April was quite the month for TRON fans, seeing both the opening of the TRON: Lightcycle Power Run roller coaster in Disney World and the launch of TRON: Identity, a visual novel-style video game for the Nintendo Switch and PC. Considering the films heavily feature digital warriors forced to compete in deadly contests, the world of TRON has always felt especially suited for video games. The last game in the franchise was TRON: RUN/r, an “action arcade” game that took inspiration from mobile games and dropped on consoles in 2016. Needless to say, we’ve been long overdue for a TRON video game, and Bithell Games has provided one, unlike anything fans could have expected. While the previous game pulled inspiration from Temple Runner, Identity is more Blade Runner with its futuristic, slow-burn noir story and mysterious cast of characters.
TRON: Identity puts you in the role of Query, a member of the Disciples of Tron. The DoT are essentially detectives that operate above the law, and they swear an oath to search for the truth without interfering in the events that surround it. You’re asked to investigate a theft at the Repository, a place where powerful items are stored. Not only must you figure out who blew up a vault and robbed its contents, but you must also need to figure out what was stolen, as the facility’s keepers are in the dark about what they’re looking after. As the night goes on, you meet a colorful bunch of programs who each bring their own perspectives and agendas to the case: a grizzled veteran, a zealous administrator, a conflicted librarian, a sarcastic automaton, an amnesiac guard, and a cold-hearted thief.
This was my first time playing a visual novel, but the closest thing I can compare it to is a Telltale game, but with prose instead of motion and voice acting. There’s a lot of emphasis on choice as you find it more and more difficult to adhere to the “do not interfere” part of the DoT creed, and every decision has a major impact on the story. I played through the game twice in preparation for this review to see some of the different directions the branching narrative could take, and I got two very different endings. Because many of the characters have pretty strong opinions, choosing to trust one will most certainly cause another to become your enemy. Bithell Games head (and Identity’s writer) Mike Bithell has confirmed that the studio is going to do more TRON games in the future, so it’ll be interesting to see if the decisions you make in this game will influence the follow-ups in a Mass Effect sort of way.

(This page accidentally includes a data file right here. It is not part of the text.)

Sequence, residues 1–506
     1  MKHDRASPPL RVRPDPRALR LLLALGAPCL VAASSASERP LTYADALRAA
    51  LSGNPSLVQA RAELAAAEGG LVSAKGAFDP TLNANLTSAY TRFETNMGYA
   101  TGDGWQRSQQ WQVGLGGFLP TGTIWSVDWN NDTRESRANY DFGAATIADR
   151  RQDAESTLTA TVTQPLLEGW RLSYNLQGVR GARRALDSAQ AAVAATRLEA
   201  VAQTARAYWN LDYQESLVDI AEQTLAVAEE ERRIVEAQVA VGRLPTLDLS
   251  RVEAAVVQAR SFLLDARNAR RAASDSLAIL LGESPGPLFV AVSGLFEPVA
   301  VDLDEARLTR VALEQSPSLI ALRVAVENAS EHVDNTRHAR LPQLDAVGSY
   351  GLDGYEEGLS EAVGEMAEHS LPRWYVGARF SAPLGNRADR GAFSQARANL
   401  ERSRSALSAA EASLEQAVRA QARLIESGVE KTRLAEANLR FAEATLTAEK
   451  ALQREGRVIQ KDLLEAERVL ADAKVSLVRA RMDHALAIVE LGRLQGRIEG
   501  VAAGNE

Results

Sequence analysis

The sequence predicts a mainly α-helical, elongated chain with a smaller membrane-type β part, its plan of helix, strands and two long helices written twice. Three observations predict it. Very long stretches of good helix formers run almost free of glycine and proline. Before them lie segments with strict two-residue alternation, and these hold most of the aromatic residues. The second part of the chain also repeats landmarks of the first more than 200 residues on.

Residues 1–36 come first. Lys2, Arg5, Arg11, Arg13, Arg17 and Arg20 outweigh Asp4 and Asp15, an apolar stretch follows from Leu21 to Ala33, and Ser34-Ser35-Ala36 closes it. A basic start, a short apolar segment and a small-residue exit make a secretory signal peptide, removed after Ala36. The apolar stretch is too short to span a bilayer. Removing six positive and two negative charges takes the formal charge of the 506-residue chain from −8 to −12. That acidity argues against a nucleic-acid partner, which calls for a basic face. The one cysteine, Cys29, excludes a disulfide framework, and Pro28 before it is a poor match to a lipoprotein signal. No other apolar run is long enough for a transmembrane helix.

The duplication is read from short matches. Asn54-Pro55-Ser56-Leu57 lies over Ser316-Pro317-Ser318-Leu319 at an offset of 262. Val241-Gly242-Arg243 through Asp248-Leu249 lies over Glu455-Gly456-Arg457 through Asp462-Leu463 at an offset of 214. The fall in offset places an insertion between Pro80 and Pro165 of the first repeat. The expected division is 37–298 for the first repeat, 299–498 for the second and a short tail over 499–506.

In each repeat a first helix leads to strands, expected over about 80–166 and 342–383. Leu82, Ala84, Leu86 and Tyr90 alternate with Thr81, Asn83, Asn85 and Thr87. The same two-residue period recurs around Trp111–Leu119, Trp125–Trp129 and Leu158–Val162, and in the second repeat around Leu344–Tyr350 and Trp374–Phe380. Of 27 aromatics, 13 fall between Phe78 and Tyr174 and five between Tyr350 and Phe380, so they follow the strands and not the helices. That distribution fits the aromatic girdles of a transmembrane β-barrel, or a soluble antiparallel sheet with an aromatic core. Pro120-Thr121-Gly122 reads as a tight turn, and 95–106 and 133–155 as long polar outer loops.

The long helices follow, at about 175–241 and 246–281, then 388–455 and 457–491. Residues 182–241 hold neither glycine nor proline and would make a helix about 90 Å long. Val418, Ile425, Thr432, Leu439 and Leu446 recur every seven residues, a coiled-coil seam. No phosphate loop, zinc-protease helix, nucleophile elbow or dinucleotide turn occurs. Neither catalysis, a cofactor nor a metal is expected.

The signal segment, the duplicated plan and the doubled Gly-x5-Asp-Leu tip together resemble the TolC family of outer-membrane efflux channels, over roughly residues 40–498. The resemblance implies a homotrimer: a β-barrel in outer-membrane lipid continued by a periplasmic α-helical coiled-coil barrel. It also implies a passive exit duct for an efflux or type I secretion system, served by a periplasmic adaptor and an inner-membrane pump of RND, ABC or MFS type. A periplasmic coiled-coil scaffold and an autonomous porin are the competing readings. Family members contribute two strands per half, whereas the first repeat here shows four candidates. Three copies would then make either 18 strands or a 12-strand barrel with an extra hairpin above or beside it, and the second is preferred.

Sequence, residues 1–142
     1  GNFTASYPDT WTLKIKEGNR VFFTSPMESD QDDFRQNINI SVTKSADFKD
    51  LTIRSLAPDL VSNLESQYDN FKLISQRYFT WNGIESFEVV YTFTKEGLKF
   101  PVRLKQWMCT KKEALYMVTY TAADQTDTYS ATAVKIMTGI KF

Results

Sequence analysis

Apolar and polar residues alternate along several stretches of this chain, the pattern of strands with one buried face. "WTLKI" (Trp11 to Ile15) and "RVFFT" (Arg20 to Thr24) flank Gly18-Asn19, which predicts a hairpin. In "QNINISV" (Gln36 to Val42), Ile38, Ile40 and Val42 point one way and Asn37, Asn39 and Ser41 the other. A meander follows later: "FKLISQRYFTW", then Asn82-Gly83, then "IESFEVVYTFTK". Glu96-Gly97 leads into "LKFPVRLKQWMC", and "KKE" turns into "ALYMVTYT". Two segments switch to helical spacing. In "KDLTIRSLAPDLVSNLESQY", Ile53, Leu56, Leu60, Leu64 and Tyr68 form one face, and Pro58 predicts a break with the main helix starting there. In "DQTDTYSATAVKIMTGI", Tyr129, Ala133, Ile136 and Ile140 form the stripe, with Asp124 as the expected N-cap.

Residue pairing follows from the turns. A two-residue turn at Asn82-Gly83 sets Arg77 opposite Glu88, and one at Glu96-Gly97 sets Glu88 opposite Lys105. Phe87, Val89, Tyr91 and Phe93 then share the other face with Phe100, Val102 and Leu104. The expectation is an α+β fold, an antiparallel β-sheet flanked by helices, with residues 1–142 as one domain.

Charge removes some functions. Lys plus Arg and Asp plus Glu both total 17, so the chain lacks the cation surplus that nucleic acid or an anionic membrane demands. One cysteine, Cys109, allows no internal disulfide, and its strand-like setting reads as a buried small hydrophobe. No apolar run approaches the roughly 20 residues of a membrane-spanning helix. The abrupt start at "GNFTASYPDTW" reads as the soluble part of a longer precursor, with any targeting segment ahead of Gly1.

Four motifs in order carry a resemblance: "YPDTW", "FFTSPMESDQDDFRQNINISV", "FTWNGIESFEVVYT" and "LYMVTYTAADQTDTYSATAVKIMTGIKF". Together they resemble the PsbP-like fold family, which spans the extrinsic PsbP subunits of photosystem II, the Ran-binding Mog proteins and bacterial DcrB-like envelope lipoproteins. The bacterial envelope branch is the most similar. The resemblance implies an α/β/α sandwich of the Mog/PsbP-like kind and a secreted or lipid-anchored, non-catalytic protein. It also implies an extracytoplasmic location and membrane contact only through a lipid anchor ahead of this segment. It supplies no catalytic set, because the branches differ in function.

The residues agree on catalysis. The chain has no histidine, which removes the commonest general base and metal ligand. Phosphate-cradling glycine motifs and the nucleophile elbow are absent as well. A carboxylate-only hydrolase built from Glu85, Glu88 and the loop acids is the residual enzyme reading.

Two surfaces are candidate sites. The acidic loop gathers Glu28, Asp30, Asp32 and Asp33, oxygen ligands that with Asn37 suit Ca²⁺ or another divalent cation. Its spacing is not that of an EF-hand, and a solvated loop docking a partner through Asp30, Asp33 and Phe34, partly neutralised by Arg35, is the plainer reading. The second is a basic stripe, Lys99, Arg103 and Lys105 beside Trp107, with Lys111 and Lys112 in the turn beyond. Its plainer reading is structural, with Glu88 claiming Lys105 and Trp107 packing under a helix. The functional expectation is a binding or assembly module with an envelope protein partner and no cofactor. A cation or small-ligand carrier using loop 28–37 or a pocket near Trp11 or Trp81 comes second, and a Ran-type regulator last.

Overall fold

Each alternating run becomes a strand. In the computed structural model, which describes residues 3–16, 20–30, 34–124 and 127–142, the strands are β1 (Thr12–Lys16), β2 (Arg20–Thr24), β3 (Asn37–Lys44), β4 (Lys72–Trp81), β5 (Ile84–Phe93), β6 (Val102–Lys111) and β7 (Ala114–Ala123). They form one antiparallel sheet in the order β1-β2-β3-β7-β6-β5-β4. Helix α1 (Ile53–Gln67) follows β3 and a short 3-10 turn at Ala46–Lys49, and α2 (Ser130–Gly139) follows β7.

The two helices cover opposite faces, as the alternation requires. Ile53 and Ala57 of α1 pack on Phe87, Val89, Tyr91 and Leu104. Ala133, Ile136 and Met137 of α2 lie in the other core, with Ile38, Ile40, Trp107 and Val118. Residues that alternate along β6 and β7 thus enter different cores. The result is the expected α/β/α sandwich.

Aside from dialogue-based gameplay, there’s also a “disc defragging” puzzle minigame where you help programs regain lost memories, and it’s… fine. As far as little side activities in video games go, it’s not the most annoying or frustrating, but it’s definitely the weakest part of Identity. The puzzles just don’t feel remarkably rewarding to complete, and I found myself grateful for the ability to skip these segments on my second playthrough.
Something that does feel rewarding is all of the little ways that Identity expands on the universe of TRON. The game takes place in the “Arq Server”, a backup version of the Grid that Kevin Flynn developed to harbor some of the ISOs from the villainous CLU. This creates a neat little workaround to allow the game to be set after TRON: Legacy, which ended with the destruction of the Grid. It also presents a digital world that has familiar aesthetics but possesses a history that fans aren’t familiar with. For example, multiple characters reference a conflict called the “Adjunct War”, and it feels a lot like the Clone Wars being name-dropped in the original Star Wars long before the prequels existed to explain what that was. We have no idea what the Adjunct War was fought over or what factions were involved, but it does seem like a tantalizing bit of lore that Bithell Games will explore later down the line.
TRON: Identity also gives the franchise yet another killer soundtrack, this time composed by Dan le Sac. Like Giorgio Moroder and Raney Shockne’s TRON: Run/r soundtrack, the music of Identity does its own thing independent of Daft Punk’s iconic TRON: Legacy score. It borrows the moody, electric vibes of the film’s soundtrack, but it doesn’t try to recreate any of the specific melodies from it. It wouldn’t really make sense to have a dance track like “Derezzed” play on repeat in the background of a game that requires a lot of reading, so le Sac goes for something a bit more subdued and ambient. These are, essentially, “lo-fi beats to solve mysteries to”. Still, le Sac manages to cover a wide variety of tones, ranging from “ominous” to “energetic”, without ever letting the music completely overtake your attention. The soundtrack fits seamlessly into the game and is also a great listen on its own.
At $15 USD, this game is easily a must-have for any TRON fan. Even if you’re new to visual novels like I was, TRON: Identity’s writing and worldbuilding will suck you in like a laser beaming Kevin Flynn into the digital realm. While a single playthrough isn’t particularly long (it’s about two hours if you aren’t rushing things), this game’s replay value and fresh take on the Grid make it definitely worth jumping into.